Something very special happened in early July 2019 when for one weekend the Bridgewater Canal was transformed into a riot of colour, music and dance when the Brazilian carnaval arrived.
The story of this weekend had begun the year before when artists from Brazil and the UK - Lowri Evans, Renato Bolelli Rebouças and Rodolfo Amorim - spent a month living along the Bridgewater Canal, getting to know the waterway and the people that use it. During their time they fished for stories, made costumes, took portraits of the people they met, set up beaches on the canal banks and said hello to every person they passed.
They started scheming Precarious Carnaval which would mix Brazilian festival with a distinctly Salford feel, a weekend which would pull together hundreds of local people for a colourful celebration of community connected by one very special canal. It would be joyous and jagged, perfectly precarious as we would wonder: where are we heading?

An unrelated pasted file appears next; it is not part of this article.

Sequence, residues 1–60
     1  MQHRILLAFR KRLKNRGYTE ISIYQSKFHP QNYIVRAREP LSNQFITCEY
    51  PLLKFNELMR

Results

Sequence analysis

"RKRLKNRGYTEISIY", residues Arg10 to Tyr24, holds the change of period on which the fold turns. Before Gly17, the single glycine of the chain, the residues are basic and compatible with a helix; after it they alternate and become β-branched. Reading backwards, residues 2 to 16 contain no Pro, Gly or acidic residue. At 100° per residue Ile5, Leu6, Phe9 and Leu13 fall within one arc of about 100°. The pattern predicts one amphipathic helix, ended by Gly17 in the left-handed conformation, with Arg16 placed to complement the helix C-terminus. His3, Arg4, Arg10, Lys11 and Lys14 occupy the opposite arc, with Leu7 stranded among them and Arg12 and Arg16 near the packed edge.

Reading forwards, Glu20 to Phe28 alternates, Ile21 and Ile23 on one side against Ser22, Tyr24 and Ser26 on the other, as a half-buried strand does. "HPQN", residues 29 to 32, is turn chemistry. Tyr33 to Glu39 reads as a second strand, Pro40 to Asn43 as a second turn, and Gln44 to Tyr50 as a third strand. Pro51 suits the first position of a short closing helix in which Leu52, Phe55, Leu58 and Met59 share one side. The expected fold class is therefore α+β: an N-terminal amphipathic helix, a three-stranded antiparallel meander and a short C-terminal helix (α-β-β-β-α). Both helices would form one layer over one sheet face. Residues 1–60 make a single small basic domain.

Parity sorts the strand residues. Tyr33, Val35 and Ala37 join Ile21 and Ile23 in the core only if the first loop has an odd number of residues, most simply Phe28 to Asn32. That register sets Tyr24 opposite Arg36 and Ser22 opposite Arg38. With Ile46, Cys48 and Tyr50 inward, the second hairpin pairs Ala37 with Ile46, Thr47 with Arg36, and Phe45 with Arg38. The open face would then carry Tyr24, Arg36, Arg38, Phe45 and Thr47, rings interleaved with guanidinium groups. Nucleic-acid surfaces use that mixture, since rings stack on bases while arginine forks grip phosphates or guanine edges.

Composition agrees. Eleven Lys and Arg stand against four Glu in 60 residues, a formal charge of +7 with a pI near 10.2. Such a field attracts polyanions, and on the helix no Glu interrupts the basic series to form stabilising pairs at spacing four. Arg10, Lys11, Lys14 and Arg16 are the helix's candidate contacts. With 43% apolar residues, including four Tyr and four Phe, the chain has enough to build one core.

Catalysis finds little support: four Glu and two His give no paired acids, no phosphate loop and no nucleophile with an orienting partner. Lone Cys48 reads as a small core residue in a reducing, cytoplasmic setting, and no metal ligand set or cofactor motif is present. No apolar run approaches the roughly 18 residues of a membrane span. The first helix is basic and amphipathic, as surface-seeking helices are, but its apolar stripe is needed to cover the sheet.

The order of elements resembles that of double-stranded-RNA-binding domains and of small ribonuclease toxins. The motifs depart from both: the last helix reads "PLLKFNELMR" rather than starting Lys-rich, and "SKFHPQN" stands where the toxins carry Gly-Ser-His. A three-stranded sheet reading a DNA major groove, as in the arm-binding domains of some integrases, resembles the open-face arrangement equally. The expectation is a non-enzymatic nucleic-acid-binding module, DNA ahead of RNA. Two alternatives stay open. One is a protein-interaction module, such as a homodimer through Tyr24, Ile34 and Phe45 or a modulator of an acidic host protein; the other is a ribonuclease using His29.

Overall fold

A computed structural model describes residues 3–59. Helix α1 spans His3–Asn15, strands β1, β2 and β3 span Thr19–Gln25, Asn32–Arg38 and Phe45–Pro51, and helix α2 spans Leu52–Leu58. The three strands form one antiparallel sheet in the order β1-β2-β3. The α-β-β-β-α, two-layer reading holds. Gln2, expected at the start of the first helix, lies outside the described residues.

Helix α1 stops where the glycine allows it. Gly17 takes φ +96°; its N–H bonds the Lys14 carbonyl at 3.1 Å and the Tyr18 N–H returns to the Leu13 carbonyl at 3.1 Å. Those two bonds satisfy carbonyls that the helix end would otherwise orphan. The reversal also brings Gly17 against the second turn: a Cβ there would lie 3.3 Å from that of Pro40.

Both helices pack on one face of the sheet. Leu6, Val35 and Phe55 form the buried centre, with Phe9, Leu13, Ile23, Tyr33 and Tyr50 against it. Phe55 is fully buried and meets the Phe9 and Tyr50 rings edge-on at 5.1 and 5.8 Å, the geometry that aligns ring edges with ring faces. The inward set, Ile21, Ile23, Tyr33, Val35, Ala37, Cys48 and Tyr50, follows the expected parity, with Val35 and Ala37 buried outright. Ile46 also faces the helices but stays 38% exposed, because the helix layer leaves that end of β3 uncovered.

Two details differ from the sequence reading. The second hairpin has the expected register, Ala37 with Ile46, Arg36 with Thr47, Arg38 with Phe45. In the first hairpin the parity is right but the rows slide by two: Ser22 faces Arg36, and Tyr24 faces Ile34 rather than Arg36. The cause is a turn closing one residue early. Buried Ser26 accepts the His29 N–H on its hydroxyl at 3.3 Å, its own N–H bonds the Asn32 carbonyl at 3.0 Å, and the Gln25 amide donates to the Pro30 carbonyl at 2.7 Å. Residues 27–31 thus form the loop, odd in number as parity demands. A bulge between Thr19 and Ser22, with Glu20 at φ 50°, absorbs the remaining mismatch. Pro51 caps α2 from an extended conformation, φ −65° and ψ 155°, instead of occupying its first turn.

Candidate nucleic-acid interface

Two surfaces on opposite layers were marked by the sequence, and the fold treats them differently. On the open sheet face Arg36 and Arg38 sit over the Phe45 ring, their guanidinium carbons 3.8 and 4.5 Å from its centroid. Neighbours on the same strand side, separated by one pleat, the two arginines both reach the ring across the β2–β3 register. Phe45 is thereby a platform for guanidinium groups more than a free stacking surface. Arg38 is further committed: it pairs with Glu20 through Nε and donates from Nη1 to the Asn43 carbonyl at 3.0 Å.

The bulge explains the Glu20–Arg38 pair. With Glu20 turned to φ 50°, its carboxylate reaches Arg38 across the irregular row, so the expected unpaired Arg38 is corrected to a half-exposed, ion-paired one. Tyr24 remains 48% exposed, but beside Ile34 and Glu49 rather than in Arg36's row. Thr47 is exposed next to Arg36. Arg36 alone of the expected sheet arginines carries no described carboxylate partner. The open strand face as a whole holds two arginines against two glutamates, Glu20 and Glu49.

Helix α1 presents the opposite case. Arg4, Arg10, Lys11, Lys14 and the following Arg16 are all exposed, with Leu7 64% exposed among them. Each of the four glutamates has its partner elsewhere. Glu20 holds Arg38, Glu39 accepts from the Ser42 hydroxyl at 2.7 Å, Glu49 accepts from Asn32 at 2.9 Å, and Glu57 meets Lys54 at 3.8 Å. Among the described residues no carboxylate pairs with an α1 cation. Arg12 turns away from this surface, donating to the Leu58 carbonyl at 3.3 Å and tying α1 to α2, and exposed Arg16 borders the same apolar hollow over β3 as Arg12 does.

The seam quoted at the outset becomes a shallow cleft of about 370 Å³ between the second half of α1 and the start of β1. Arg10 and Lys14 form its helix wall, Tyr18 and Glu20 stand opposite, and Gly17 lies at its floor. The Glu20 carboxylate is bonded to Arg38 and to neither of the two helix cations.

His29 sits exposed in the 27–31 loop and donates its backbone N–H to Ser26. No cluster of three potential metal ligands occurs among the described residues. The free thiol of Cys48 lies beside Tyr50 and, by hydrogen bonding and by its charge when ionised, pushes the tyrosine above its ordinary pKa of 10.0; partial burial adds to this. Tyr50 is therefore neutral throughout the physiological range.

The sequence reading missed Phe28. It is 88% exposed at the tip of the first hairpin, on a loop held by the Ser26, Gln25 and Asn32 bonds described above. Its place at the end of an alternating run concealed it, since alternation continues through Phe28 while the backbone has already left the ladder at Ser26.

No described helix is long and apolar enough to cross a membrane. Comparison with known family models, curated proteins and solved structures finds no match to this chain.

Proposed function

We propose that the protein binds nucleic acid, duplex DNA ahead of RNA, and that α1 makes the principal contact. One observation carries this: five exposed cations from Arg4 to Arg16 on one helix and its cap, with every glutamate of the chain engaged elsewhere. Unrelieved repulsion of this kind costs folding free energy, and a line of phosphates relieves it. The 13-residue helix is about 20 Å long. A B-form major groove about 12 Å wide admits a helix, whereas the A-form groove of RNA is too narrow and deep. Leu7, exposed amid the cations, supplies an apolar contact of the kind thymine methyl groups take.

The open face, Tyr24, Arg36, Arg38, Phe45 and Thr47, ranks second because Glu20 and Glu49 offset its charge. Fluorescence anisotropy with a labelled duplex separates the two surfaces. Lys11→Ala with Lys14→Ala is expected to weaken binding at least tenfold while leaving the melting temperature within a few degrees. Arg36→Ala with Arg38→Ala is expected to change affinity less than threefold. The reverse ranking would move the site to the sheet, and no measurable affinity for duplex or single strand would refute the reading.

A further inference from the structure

Fast-forward to June 2019, the Precarious Carnaval team arrived from Brazil and began working with performers, makers and shakers from across Salford, collaborating with over 30 community groups and hundreds of people to stage the event.
Part-party, part-procession, part-performance extravaganza; Precarious Carnaval turned into an unforgettable journey which saw a confetti of performances, roaming scenes and strange spectacles as well as sculptures, installations and street parties.
From the past, present and future of England's first canal, Precarious Carnaval was divided into three epic acts that tipped the world on its head, taking audiences on a journey through time from 1761 to 2061 to make sense of now in 2019.
To take a photographic journey through Precarious Carnaval click here.